“Wallis Giunta as Anaïs Nin conveyed a multi-faceted personality in her performance, capturing the confused, lonely and burning passion of Nin’s artistic personality. Giunta’s voice had a brassy and precise quality, which exquisitely matched the chunky accompaniment of Andriessen’s scoring”
Tyler Versluis, Musical Toronto


THE SEVEN DEADLY SINS (Recital) –  Miami & Ottawa, 2014

“Giunta’s rich, expressive voice is already well known to Ottawa audiences, and her dramatic powers seem more evolved than ever. She also has the power to produce a sound that’s suited to whatever particular repertoire she’s singing. For example she could switch effortlessly between the angular sound of Weill to the baroque luxury of Handel or the world of John Lennon…Among the highlights were Schubert’s Der Zwerg and, perhaps surprisingly, Stephen Foster’s Old Folks at Home which, for me at least, was the highlight of the evening. She sang it with just the combination of art and artlessness that Foster probably had in mind. It’s been among my favourite songs for most of my life, and I’d never heard it done this well before.”
Richard Todd, The Ottawa Citizen

“Equal parts monodrama and vocal recital, the program showcased the formidable talents of Canadian mezzo-soprano Wallis Giunta…Her light, beautifully produced sound extends impressively to both lower and upper extremes, a rich bottom register matched by gleam at the top…She is also a terrific singing actress…Giunta’s performance and emotional range proved riveting…Giunta also spun flawless Baroque coloratura at a furious clip in ‘Crude Furie’ from Handel’s Xerxes.”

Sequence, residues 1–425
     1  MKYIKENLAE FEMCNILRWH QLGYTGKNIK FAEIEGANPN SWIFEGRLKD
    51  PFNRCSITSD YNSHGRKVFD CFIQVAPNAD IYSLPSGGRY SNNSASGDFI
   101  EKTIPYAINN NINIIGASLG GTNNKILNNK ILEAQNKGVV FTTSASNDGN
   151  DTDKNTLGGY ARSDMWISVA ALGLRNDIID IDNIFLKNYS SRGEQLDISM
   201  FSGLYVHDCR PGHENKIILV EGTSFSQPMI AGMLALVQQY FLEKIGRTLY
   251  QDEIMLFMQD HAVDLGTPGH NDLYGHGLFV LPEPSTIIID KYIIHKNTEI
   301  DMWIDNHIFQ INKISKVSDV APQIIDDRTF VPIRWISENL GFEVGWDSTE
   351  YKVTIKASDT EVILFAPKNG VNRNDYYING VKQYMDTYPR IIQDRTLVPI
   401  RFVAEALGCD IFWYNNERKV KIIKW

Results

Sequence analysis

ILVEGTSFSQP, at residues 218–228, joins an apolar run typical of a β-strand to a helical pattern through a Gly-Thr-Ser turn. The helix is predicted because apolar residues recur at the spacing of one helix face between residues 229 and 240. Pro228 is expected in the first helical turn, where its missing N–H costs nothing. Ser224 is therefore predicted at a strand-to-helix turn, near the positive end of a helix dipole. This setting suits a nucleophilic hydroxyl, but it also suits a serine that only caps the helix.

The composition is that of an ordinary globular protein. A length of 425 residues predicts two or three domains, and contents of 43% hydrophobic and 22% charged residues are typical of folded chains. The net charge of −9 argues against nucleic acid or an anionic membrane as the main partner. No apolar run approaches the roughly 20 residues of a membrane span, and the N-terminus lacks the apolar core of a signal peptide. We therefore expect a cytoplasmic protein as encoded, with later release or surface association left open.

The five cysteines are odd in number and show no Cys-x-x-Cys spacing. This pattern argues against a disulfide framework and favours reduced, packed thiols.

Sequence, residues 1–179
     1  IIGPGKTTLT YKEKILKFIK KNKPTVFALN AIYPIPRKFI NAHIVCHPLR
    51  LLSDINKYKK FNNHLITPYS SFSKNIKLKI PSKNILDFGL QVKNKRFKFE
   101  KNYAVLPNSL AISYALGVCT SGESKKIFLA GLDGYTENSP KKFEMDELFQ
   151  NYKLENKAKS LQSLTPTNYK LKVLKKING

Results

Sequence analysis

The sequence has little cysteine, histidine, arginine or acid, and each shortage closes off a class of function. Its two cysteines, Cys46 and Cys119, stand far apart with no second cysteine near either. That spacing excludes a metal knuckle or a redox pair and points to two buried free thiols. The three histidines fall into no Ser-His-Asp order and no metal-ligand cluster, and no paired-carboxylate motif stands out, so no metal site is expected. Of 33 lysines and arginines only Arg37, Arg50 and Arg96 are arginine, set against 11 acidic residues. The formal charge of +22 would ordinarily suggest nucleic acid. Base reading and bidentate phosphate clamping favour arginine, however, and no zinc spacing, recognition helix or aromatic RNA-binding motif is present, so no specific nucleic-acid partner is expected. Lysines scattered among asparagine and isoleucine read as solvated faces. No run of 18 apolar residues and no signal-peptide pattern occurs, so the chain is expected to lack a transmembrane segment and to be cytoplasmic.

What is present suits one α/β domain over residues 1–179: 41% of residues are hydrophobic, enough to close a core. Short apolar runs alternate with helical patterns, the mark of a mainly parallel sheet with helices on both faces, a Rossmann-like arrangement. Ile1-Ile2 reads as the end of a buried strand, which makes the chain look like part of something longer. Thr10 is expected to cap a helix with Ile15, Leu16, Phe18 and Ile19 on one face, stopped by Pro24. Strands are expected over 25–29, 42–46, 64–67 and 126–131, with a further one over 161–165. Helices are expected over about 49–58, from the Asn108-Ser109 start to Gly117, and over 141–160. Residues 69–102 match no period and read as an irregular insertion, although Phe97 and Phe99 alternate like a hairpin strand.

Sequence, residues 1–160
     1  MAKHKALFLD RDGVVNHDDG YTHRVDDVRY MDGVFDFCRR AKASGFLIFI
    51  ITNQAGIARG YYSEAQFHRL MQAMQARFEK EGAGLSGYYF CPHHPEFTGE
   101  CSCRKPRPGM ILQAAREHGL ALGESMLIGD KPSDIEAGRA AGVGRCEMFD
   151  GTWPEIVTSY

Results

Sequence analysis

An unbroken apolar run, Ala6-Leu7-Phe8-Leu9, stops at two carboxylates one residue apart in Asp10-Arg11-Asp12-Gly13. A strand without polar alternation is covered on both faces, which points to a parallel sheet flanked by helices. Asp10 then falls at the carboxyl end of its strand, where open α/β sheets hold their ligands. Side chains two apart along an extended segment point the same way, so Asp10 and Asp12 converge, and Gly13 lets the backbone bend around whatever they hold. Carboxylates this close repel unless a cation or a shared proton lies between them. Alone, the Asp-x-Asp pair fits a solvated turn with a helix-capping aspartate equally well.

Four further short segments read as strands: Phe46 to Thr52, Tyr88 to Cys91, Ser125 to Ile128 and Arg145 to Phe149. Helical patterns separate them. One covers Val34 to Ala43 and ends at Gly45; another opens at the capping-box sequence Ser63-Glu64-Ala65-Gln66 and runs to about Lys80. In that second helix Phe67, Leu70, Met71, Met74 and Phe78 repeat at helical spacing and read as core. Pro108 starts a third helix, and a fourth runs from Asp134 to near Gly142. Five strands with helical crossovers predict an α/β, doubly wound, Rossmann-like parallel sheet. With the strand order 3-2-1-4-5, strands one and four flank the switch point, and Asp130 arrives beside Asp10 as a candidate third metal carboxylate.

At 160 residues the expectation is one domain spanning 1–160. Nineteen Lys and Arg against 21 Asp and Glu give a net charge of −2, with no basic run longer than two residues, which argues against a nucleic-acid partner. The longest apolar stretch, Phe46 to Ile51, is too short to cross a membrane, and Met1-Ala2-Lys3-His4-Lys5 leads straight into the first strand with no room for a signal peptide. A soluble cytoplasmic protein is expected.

Lawrence Budmen, South Florida Classical Review

“…the Canadian mezzo-soprano was able to break free [of usual recital confines] and put together an original program that put to the test her versatility and theatrical flair…Giunta performed with aplomb and without the nonsense that tempts other interpreters of this composer [Weill]…Congratulations go to Friends of Chamber Music for trusting, along with her pianist, her vocal recital of the year, in a genre where the most unjust condemnation exists. There is always an audience, as was demonstrated on this occasion…With fiery red hair to match her dress and an air of femme-fatale that contradicts the traditional robust mezzo, the 28-year-old…won over the audience with her fervent singing and presence.”